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The British Countryside 2030 - Richard Benyon MP discusses the future at MERL Annual Lecture – University of Reading

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The British Countryside 2030 - Richard Benyon MP discusses the future at MERL Annual Lecture

Release Date 26 November 2012

richard benyon mp

Richard Benyon MP, Minister for the Natural Environment and Fisheries will give a lecture on The British Countryside 2030, looking at the future of the countryside in Britain at The Museum of English Rural Life's (MERL) Annual Lecture.

Richard Benyon, Minister for Natural Environment and Fisheries, said:

"In 2012, it could be said that the British countryside is in a state of imbalance. While many species have, within a generation, all but disappeared from the landscape, others are thriving and becoming increasingly problematic as pests or predators of endangered species. We face an unprecedented number of invasive and non-indigenous species, as well as the unwelcome arrival of new diseases in plants and animals. So we have to face it: for perhaps decades we have been getting it wrong. Now, we need to be braver about intervening to better manage our wildlife and countryside."

Following the lecture, the minister will take part in a Q&A, chaired by Sir David Bell, Vice Chancellor of the University of Reading.

Professor Richard Ellis, Dean, Faculty of Life Sciences at the University of Reading said:

"Landscapes today are a consequence of landowners' management practices, influenced by aesthetics, technology, economics and politics over many generations. The British Countryside provides a landscape of mosaics for us all to appreciate, reflecting our history of managing the resource for food, fuel and fibre production, sites for extraction (e.g. gravel) or abstraction (e.g. water) or development (e.g. house or road building), an ecosystem for flora and fauna, a playground for access by all or some for sport and recreation, and for some an asset for investment with potential for development. To date these conflicting demands have been governed by independent and often short-term initiatives.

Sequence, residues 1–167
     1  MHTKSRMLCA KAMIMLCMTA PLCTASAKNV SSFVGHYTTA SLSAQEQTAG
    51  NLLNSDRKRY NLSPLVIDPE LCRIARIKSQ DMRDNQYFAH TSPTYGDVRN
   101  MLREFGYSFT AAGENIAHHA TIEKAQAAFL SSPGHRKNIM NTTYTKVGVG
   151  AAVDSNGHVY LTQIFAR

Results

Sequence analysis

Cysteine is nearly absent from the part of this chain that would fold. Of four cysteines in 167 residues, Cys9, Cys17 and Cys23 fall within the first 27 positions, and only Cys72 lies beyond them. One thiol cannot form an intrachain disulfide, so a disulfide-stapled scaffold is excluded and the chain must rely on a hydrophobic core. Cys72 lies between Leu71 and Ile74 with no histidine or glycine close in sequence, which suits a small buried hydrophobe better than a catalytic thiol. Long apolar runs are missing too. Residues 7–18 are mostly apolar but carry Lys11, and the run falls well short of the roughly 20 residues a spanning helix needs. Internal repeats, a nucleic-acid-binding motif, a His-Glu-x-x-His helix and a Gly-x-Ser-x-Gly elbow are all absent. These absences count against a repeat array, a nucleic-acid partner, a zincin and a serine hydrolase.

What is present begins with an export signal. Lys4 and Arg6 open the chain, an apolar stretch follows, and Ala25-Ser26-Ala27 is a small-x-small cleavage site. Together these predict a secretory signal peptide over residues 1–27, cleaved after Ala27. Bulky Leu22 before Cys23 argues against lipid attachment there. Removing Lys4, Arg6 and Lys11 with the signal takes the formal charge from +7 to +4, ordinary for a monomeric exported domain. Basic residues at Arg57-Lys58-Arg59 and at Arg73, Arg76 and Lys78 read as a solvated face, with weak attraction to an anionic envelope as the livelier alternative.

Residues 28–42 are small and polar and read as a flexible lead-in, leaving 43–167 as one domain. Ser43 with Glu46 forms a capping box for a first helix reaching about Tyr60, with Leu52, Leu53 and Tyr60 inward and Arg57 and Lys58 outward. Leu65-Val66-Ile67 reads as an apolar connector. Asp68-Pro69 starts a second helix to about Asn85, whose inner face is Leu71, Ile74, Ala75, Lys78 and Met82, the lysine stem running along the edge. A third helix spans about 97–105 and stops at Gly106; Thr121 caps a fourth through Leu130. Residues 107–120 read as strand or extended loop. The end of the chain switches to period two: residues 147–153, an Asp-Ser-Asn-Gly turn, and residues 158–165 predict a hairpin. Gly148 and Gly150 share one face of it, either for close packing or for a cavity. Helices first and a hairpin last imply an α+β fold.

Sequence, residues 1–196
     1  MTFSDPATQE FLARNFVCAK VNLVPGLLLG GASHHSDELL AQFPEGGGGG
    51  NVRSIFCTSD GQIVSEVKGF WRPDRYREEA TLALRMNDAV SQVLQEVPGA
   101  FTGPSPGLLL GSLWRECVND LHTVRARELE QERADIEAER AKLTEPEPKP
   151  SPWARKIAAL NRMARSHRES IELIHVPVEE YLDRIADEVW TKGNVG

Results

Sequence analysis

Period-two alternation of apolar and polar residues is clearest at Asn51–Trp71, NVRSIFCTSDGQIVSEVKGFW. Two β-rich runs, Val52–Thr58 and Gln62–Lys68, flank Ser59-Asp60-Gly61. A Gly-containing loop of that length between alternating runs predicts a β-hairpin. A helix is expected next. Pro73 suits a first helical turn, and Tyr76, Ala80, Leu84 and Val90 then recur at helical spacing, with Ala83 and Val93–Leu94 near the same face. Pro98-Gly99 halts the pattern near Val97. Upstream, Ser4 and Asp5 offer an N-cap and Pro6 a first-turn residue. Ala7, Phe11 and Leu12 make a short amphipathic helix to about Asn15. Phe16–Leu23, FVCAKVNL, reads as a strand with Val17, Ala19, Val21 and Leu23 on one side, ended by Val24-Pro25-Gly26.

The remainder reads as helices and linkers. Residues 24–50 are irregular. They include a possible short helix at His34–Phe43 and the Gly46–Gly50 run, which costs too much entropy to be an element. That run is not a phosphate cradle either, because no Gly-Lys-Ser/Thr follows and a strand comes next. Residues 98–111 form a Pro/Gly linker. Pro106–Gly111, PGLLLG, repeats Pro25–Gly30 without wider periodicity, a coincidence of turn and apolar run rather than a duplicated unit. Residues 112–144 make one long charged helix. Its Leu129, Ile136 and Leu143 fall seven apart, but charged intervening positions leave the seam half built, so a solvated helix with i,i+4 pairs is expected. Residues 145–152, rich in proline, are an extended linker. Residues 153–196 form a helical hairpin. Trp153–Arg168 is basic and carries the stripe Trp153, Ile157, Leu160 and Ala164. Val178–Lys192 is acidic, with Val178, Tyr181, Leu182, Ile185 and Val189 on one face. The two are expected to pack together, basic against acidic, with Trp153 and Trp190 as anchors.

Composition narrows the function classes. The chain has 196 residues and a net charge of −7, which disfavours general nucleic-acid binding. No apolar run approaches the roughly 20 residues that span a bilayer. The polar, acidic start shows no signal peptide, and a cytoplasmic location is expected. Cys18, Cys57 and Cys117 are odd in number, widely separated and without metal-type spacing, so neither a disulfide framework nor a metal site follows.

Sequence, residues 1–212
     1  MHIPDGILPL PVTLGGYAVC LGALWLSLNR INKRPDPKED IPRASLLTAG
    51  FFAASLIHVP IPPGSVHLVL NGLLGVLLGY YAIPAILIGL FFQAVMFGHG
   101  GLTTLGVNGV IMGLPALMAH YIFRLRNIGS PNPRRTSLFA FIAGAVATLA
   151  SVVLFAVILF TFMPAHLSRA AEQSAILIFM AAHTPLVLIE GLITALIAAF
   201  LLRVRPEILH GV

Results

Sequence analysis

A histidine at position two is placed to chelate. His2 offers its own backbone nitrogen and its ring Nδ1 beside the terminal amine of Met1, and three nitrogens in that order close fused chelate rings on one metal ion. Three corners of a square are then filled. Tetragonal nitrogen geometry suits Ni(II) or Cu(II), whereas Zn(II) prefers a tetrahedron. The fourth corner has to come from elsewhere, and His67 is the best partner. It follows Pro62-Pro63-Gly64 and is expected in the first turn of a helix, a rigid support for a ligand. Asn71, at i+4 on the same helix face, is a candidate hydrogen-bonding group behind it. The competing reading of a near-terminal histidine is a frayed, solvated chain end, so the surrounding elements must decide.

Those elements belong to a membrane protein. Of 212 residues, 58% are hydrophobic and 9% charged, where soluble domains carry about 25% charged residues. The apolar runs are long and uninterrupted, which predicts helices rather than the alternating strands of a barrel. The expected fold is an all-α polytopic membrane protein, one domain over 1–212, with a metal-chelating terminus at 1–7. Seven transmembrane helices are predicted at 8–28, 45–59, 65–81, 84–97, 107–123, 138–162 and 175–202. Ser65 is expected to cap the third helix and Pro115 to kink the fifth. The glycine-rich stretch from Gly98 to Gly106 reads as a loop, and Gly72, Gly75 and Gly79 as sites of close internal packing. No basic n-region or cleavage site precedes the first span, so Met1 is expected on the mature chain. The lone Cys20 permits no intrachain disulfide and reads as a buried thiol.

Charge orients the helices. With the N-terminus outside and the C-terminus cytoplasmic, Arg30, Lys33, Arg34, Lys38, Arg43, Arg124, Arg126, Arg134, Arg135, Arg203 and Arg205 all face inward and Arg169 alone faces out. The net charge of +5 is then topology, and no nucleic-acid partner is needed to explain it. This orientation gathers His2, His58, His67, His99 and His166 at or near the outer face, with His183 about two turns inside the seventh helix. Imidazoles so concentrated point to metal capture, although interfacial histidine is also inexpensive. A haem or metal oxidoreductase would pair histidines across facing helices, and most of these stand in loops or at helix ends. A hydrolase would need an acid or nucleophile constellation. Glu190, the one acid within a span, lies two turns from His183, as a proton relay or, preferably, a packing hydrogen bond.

"Whether we look at the declining numbers of, for example, wrens or the deterioration in the nutritional value of the diet of the poorest 10% of the UK human population we can see evidence that diverse policy goals are not being met. The British Countryside has a future - but how compatible are the different sorts of futures different groups in society desire and will work towards?"


For all media enquiries please contact Donna Sibley, University of Reading Press Officer on 0118 378 7388 or by email on

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Notes for editors:

Richard Benyon has been MP for Newbury since May 2005. Before coming to government Mr Benyon served as a Shadow Minister for the Environment, Fisheries and Wildlife. Prior to this appointment he was a Party Whip. He has also served on the Home Affairs Select Committee.

Mr Benyon lives in West Berkshire where he is a farmer. He is a former soldier and is a founder Trustee of the charity Help for Heroes. Mr Benyon is married to Zoe, with whom he has two sons. He also has three sons from his previous marriage.

The University of Reading is ranked among the top 1% of universities in the world (THE World University Rankings 2012) and is one of the UK's top research-intensive universities. The University is ranked in the top 20 for the number of awards it received from research councils for 2010/11.

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